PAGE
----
Skoda will intensify its assault on the World Rally Championship with the Fabia WRC - the Volkswagen subsidiary’s most ambitious rally car to date.

Skoda will intensify its assault on the World Rally Championship with the Fabia WRC - the Volkswagen subsidiary’s most ambitious rally car to date.

This was announced by Volkswagen Group motorsport head Franz-Josef Paefgen at the Geneva Motor Show on Tuesday. Paefgen also announced that the Volkswagen Group had made an additional three-year commitment to the World Rally Championship.

The new model, which will début in the competition later this year, is based on the forthcoming diesel-engined Fabia RS road car but has been extensively modified in almost all areas within FIA’s rules. And it shares no components with the current Octavia WRC other than the Volkswagen group’s turbocharged two-litre four-cylinder 20-valve powerplant.

In order to accommodate its wider tyres and larger wheelbase on both axles, the bumpers and wheel arches have been adjusted to reach the maximum admissible width of 1 770 mm. The floorpan was modified to allow installation of four-wheel drive.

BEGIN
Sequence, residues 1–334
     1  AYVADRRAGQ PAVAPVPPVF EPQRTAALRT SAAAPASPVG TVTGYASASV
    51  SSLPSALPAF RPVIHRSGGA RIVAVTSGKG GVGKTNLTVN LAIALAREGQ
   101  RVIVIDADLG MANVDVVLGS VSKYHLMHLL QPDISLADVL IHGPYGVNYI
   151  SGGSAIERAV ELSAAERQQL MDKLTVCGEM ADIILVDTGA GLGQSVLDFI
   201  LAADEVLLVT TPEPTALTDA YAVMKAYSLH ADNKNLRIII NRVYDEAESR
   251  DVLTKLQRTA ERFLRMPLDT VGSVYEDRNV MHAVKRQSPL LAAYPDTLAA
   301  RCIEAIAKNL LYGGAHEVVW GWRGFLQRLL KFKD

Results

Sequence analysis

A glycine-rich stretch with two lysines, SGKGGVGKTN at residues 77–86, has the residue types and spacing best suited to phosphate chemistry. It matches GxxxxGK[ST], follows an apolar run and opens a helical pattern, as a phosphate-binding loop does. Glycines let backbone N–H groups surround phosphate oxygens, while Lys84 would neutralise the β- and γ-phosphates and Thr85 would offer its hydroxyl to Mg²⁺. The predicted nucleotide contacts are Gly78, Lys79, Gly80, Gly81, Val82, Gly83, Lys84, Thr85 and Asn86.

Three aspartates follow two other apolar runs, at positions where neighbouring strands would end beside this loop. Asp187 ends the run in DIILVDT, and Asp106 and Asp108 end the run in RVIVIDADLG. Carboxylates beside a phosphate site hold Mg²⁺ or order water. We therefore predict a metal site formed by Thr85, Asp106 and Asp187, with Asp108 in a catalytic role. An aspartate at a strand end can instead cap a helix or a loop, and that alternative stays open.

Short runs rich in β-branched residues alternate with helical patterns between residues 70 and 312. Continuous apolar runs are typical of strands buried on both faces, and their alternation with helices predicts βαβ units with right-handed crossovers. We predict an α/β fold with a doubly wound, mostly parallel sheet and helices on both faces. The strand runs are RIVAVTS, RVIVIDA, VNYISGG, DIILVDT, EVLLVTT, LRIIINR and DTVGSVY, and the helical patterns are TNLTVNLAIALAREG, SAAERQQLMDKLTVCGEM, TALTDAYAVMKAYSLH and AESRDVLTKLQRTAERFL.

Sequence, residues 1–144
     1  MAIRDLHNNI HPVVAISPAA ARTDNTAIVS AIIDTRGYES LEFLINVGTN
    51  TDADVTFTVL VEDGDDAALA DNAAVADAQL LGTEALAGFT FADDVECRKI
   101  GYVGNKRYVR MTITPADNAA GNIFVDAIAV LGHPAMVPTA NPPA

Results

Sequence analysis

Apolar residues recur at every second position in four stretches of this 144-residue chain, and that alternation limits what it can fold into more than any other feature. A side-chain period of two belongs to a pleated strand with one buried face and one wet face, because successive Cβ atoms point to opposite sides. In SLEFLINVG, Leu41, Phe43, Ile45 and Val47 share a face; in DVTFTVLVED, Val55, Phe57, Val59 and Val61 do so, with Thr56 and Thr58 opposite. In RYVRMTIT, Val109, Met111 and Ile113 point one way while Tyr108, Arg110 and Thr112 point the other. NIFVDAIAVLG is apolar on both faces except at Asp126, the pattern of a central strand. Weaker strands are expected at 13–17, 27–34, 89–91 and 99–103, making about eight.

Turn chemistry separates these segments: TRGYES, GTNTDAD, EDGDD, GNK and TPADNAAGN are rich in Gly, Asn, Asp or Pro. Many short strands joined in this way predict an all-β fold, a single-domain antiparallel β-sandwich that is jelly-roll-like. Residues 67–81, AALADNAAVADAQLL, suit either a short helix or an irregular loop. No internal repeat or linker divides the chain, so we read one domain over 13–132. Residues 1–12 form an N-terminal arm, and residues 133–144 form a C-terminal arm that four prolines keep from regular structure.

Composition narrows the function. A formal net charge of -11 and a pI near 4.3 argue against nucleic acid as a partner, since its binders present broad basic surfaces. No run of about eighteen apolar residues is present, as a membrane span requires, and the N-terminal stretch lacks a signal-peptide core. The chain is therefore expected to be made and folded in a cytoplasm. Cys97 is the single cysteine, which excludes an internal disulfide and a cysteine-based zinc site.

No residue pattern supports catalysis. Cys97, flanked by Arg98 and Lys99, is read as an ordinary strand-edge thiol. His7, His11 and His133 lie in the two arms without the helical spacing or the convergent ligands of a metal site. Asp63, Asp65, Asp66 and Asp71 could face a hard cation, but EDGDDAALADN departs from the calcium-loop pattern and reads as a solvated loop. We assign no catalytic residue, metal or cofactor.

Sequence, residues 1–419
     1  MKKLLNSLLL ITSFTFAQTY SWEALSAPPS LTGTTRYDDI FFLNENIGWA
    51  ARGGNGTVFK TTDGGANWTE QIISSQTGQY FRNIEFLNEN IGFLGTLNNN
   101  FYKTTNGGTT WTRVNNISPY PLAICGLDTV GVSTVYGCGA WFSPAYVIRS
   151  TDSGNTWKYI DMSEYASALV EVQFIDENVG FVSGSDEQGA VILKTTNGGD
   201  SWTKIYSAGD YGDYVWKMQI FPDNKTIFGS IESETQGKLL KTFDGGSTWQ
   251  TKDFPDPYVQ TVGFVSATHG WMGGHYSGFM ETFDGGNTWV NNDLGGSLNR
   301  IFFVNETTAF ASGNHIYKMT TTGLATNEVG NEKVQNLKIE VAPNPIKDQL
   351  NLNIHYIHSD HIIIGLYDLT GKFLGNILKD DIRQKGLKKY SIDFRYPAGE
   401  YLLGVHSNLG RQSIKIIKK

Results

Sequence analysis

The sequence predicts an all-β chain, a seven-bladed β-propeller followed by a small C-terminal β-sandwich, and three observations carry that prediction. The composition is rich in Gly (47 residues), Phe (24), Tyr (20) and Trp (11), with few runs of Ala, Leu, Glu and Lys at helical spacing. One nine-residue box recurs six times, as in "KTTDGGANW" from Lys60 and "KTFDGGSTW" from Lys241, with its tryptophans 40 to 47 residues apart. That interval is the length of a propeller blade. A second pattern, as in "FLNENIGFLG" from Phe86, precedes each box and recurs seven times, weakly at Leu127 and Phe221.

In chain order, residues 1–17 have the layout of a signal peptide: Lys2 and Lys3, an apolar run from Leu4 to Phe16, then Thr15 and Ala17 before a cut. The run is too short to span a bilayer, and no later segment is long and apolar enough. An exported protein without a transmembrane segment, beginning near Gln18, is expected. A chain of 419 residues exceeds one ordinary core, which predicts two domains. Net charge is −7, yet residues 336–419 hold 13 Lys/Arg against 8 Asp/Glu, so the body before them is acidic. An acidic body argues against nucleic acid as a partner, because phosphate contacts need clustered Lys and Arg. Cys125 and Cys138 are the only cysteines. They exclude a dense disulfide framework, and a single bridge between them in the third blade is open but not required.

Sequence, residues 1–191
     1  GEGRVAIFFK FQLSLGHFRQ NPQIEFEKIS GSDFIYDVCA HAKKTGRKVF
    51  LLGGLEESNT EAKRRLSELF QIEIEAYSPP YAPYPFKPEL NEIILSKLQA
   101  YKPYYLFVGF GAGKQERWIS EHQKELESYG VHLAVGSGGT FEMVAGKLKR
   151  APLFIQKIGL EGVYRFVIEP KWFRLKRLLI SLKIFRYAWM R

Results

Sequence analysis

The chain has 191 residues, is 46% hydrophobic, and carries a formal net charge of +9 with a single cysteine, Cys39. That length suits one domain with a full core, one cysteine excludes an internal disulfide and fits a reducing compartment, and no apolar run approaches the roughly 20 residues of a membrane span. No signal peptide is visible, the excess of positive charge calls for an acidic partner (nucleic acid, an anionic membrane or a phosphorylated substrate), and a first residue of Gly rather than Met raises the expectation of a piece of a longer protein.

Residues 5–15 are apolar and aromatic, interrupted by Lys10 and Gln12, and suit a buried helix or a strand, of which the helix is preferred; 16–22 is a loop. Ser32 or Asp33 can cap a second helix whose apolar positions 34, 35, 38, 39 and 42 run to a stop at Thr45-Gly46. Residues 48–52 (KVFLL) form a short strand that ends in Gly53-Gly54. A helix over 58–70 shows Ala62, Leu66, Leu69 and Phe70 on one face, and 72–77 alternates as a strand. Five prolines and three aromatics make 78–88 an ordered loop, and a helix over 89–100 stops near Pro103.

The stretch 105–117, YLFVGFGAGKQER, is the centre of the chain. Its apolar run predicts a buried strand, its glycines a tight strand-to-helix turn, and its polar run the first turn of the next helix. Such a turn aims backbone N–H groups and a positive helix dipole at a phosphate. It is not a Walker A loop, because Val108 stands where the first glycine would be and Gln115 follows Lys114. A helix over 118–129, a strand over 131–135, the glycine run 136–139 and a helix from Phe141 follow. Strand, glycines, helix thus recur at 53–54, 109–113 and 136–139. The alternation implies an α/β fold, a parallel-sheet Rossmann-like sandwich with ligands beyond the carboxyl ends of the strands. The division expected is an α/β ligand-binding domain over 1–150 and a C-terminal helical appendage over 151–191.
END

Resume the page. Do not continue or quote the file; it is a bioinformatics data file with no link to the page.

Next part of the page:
The front windscreen and side windows are electrically heated to ensure good visibility for teams drivers - Didier Auriol, Toni Gardemeister and Kenneth Erikson.

The Fabio WRC was designed by German engineer Dietmar Mettrich, in charge of Octavia development. It is the first works Skoda with a semi-automatic gearchange.

"Skoda Auto has an outstanding tradition in motorsport, especially in rallying and endurance events. Therefore, there were no doubts about the future motorsport activities of the brand," said Paefgen.

Meanwhile, a mildly updated version of the Accent WRC3, unofficially referred to as the Accent WRC3.5, will compete for the first time in April on the Rally of New Zealand.

According to reports, budget problems have thrown Hyundai’s testing programme into disarray in recent months, but planning has continued within its team, Motor Sport Developments, and a revised turbo and manifolds could get FIA approval in time for New Zealand, the fourth round of this year’s World Championship.

However, a more significant change is being planned for 2004. New regulations demanding a minimum bodyshell weight of 300 kg along with a facelift of the showroom model, will oblige Hyundai to begin 2004 with a fresh model.

Original article from Car